The Newbery Books Anna Green Winslow Read 1771-3

Anna Green Winslow, America’s most famous child diariest, wrote journal letters regularly to her parents in between 1771 and 1773 when she was living in Boston with her paternal aunt Mrs. Deming.   Her loyalist father, the commissary to the British regiments in Cumberland, Canada, sent his only daughter away from home to be “finished”–that is, to improve her penmanship at Samuel Holbrook’s writing school and to to become more adept at plain and fancy work at a sewing school.  Luckily, twelve-year-old Anna liked her pen and her needle equally well and won praise for her pretty writing, her knitted lace, and her spinning.  Calling herself a “whimsical girl,” she recorded jokes that made her laugh.  But she also listened attentively to  sermons Sundays in the Old South Church congregation and could summarize the minister’s argument clearly and accurately. Of course, she liked clothes and “tasty headdresses.”  Early in her stay, she begged her mother to let her “look like other people,” that is, follow Boston fashions.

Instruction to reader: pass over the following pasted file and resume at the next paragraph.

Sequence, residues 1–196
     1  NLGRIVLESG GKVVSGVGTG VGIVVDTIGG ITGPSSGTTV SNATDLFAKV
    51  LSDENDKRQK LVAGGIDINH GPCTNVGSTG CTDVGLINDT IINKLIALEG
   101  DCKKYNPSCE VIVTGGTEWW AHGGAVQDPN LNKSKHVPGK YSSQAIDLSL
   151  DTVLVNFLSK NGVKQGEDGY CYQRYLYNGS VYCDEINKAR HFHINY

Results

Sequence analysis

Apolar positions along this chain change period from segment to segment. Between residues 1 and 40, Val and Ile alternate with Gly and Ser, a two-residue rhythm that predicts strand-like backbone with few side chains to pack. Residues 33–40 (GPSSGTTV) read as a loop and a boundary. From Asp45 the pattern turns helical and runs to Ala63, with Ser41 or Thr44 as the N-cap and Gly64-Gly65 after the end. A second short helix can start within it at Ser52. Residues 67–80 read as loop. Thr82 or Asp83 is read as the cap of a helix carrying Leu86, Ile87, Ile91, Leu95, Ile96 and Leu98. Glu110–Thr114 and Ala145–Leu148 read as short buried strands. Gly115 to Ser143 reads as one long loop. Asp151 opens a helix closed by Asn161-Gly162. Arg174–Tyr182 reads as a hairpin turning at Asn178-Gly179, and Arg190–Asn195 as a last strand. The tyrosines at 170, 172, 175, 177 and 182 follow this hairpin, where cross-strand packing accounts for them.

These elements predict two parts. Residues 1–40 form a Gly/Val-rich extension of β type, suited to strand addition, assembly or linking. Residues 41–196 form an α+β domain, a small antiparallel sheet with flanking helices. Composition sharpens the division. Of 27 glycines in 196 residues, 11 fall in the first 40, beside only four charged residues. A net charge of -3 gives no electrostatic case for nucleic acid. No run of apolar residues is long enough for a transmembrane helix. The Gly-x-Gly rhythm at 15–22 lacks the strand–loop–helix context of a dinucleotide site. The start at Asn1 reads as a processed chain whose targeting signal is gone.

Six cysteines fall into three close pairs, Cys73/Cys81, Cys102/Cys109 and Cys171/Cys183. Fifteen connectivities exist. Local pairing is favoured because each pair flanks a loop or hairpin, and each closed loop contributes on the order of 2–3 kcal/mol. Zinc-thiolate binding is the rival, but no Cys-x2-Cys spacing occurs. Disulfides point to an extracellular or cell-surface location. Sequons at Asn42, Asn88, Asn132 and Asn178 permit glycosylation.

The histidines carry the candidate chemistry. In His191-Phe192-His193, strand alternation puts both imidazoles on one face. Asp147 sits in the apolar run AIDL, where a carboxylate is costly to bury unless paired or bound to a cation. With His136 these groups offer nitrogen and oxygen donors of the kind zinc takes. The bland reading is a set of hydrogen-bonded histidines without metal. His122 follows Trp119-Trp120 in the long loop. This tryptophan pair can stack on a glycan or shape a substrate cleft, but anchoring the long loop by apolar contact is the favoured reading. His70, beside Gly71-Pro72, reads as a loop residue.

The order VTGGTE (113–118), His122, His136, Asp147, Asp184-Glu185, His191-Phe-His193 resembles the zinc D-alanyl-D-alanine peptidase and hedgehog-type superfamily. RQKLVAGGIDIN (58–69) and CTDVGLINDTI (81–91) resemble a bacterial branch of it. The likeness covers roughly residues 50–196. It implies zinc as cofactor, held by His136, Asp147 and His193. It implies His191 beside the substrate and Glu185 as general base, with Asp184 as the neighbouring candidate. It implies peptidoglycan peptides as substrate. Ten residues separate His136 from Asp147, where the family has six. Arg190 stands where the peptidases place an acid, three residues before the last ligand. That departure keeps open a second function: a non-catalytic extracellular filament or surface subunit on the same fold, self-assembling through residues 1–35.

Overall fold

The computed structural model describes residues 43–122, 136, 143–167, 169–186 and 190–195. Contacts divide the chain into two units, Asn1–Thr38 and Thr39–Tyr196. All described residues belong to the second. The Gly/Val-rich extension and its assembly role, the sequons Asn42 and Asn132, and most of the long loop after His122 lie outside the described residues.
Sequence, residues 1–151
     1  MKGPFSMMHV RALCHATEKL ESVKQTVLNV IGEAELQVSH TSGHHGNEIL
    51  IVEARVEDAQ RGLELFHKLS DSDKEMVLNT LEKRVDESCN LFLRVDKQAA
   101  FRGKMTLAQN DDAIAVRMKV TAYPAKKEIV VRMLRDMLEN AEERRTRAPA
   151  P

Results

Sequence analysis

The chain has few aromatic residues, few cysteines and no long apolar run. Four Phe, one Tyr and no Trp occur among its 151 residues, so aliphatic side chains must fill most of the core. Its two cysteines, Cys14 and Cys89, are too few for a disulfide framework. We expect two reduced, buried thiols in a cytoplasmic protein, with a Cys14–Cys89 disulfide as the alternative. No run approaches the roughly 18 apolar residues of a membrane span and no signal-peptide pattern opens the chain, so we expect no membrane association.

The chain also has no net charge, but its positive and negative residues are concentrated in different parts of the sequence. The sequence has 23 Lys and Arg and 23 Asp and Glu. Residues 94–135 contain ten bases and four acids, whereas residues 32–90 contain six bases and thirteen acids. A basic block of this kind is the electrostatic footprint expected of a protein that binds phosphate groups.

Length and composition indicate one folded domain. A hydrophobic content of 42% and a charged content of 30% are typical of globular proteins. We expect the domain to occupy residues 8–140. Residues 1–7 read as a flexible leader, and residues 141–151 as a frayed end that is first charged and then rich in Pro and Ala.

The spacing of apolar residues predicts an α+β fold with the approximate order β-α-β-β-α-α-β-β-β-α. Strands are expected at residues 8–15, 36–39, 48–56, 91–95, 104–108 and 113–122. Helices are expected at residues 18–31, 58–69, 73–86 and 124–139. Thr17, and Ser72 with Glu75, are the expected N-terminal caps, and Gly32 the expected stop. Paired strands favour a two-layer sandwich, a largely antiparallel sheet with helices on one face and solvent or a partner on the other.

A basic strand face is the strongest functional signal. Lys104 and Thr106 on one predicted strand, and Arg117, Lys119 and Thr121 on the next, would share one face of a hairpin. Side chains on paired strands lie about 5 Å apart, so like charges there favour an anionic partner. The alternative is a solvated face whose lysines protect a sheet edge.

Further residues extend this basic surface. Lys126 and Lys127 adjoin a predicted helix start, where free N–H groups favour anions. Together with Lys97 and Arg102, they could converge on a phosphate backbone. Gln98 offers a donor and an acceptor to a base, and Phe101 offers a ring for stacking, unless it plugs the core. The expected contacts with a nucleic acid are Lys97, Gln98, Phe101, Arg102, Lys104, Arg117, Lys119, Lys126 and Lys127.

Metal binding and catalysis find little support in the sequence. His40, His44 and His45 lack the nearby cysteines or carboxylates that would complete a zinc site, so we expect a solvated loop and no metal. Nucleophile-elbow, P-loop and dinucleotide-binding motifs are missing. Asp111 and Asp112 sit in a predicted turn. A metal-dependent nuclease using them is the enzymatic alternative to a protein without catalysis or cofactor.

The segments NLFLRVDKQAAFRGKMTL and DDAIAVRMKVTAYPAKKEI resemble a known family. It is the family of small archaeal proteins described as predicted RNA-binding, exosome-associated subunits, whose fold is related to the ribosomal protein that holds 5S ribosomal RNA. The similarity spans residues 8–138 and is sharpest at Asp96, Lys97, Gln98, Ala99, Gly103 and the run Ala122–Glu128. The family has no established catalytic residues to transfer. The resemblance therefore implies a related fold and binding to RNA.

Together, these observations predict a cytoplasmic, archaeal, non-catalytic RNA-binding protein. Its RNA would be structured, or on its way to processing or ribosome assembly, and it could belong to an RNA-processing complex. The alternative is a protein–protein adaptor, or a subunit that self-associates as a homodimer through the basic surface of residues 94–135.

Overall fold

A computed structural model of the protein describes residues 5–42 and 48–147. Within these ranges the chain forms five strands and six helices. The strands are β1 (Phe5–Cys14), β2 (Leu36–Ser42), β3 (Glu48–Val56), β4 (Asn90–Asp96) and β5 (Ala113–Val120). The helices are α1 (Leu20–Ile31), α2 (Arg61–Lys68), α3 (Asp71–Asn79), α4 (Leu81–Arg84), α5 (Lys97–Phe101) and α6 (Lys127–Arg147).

Anna was a avid reader as well, attending to her Bible, the newspapers, and Bunyan’s Pilgrim’s Progress.  Alice Earle Morse, who edited Anna’s diary in the 1890s, recognized the titles of several Newbery children’s books imported from London.  Anna didn’t say much about their contents, so illustrating them with pages from the copies in Cotsen brings her reading experiences to life.